Our Moral Obligation

john lewis

Each of us look at the world a bit differently. Our beliefs about the world and the people around us begin in our childhoods. How much we are willing to trust others is often rooted in our relationships with our parents. Children model the behaviors that they see in their parents’ actions. Children adapt and learn inside their homes. If there is nurturing and ethical guidance they generally become confident, capable and compassionate adults. If there is neglect and physical or mental abuse they are more prone to struggle with dysfunctional behaviors. Bullies are not born. They are made.

Of course there are malfunctions of the brain that cause a variety of mental disturbances that do not reflect on family influences other than perhaps through genetics. Even in the best of situations mental illness can cause problems for both individuals and those close to them. Because we still have so much to learn about the how and why of our brain our treatments for psychological disorders are often limited and sometimes even ineffective. Still, the worst possible response to them is to simply ignore them.

As a teacher I often encountered young people whose behavior indicated either a psychological problem or a toxic home environment or both. Often such children were boastful, aggressive and mean. They had a kind of swagger and inflated sense of self importance. They dominated their peers and sought to dominate the teachers as well. They were masters of deceit and bravado. Generally nobody really liked them but followed them out of fear often emulating their mean spiritedness.

I worked in schools populated by gangs. There were leaders and their followers. It was a way of surviving in neighborhoods stalked by poverty and a lack of interest from the rest of society. Many of my students were virtually raising themselves and sometimes had the responsibility of caring for their younger siblings as well. Their fathers were in prison or had simply left the families to fend for themselves. Their mothers were sometimes “ladies of the night” addicted to alcohol and drugs. They had little guidance and had to navigate independently in the world far sooner than most of us ever must do. It was a harsh environment in which they learned how to adapt as best they could. Sometimes they became tough skinned, angry and mean.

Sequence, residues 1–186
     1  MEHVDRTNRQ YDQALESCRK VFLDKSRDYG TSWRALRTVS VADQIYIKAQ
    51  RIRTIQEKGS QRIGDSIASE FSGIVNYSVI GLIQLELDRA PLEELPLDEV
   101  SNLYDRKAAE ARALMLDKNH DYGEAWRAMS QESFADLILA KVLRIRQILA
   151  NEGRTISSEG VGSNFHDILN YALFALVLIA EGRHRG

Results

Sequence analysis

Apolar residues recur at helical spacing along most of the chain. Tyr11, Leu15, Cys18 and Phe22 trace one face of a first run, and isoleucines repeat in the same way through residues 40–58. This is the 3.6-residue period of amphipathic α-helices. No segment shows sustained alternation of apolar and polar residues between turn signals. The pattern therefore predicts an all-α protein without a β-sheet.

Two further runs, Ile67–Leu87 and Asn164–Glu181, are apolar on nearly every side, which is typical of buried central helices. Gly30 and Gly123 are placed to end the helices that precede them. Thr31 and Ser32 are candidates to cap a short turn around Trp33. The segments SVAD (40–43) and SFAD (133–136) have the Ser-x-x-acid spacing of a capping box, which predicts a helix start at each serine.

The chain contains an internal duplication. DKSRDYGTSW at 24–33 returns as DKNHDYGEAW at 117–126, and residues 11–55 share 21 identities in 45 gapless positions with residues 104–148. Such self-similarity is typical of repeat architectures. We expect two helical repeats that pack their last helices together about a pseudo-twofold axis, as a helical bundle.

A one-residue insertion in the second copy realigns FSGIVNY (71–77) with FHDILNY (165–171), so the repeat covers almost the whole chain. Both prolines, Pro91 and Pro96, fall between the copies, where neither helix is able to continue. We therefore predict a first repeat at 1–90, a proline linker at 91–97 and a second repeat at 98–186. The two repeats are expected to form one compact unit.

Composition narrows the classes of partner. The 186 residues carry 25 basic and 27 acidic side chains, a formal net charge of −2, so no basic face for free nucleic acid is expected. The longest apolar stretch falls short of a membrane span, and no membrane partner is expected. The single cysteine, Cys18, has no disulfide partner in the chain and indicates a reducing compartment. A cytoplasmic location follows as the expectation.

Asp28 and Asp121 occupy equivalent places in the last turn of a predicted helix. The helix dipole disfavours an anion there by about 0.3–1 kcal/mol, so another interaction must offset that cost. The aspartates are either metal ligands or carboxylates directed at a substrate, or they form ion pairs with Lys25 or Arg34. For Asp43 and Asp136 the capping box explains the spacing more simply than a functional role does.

I also worked in schools with middle to upper class students some of whom were living in emotional deserts. Their parents were well known and highly regarded in the community but they saw very little of them. Instead their care was relegated to hired helpers and they were given money to spend as they wished rather than time and attention. Their sense of what is important was confined to the satisfaction of their own desires. Their thoughts focused on things rather than people. They were boastful and domineering for many of the same reasons as the gang leaders I had encountered in my other schools. They were feared by their followers rather than loved.